Challenges to a modern federal payroll system abound

NewPay will replace legacy systems used by multiple agencies like the Interior Business Center's and require a degree of collaboration seldom seen in government, according to human resources experts.
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The Interior Business Center’s payroll system would need to be broken apart to upgrade it, let alone move to a modernized replacement.

That’s just one example of the many challenges current payroll providers are facing as they look to get on board with the administration’s massive plan for a modernized payroll shared service.

Within and outside the Department of the Interior, IBC is a shared service provider of payroll operations including paychecks to multiple federal agencies, and its system is fully integrated.

But in September, the General Services Administration awarded a 10-year, $2.5 billion shared services contract for a new, governmentwide payroll system dubbed NewPay.


“Do we remain the provider for those other small modules, are new ones created, are the agencies going to have to take on that work themselves … or are we really going to sit down and plan for the end-to-end solution?” Michele Singer, director of IBC, said Wednesday at an SAP event in Washington, D.C.

NewPay presents a “unique opportunity to collaborate,” Singer said, but agencies and supporting contractors already delivering payroll services will be the key to its success because of their institutional knowledge.

Addressing aging and outdated payroll systems with NewPay is GSA’s first step in becoming a Quality Services Management Office for all things human resources, but it won’t happen overnight.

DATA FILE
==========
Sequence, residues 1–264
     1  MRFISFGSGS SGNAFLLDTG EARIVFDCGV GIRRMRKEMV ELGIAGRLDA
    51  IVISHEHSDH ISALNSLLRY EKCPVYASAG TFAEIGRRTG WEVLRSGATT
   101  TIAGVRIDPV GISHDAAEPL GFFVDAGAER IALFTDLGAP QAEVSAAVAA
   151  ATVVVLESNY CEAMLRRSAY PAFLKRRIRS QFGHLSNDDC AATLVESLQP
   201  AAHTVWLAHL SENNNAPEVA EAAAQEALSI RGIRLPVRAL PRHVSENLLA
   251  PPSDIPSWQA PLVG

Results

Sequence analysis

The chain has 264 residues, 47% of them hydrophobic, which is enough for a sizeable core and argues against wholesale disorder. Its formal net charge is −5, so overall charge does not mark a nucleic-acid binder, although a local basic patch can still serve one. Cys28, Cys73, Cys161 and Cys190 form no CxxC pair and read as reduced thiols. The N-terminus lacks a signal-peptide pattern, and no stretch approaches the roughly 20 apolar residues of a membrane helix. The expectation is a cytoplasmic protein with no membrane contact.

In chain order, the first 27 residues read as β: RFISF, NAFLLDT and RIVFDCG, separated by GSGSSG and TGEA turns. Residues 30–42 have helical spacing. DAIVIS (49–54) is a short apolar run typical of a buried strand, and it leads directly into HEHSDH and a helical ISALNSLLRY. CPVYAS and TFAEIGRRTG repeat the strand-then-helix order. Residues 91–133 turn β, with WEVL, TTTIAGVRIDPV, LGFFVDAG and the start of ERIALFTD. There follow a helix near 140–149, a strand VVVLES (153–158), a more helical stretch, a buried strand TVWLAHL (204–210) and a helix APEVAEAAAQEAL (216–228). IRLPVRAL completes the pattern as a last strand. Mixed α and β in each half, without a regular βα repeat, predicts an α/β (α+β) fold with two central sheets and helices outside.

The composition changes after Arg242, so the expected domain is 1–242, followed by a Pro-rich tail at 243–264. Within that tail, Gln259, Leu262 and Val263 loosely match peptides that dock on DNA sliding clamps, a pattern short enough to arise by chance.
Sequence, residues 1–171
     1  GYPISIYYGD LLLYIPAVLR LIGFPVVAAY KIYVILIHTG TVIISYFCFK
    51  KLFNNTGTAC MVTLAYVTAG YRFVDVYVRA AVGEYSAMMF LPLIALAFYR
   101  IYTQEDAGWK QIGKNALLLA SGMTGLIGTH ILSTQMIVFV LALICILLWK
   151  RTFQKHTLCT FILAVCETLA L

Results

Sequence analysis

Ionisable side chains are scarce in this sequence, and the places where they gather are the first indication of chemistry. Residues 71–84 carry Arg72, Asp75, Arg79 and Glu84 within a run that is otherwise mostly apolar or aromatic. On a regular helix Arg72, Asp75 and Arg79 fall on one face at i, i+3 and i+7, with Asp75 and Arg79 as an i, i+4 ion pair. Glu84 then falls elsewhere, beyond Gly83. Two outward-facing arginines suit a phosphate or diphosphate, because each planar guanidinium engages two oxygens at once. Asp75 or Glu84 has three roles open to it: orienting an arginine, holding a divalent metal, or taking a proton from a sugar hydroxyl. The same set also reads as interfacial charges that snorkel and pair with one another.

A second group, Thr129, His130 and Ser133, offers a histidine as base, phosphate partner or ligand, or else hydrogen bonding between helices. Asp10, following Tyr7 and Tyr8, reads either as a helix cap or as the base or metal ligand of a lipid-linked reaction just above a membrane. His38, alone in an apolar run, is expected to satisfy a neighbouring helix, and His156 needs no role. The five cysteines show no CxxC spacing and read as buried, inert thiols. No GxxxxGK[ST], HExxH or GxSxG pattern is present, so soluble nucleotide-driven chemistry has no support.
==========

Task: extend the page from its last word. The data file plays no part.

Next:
“It’s going to take us probably the next five-plus years to make the migration to a modernized payroll system,” said Dave Mader, civilian sector chief strategy officer at Deloitte.

Since 2000, the federal government has reduced 26 legacy payroll systems down to five, and they’re not interoperable, he said.


Interoperability will be a “huge hurdle,” and some agencies will be forced to give up the unique systems they have, Singer said.

Also unclear is whether NewPay will be funded through existing providers, GSA, individual agencies, or one big appropriation. Once the money is allocated, transparency will be necessary to ensure it’s being spent effectively, Singer said.

Providers will need to work “intensely” with customers to establish NewPay requirements, and ensuring data is entered once and populates all other systems is a must, she added.

Singer said NewPay will fail if it’s left to one agency or the private sector to develop, as opposed to an “all hands on deck” approach.

“I am not a competitor of the National Finance Center or [the Defense Finance and Accounting Service] or GSA. I am a colleague. I am a fellow civil servant,” she said. “And I am here to collaborate to bring about the next generation of payroll services.”

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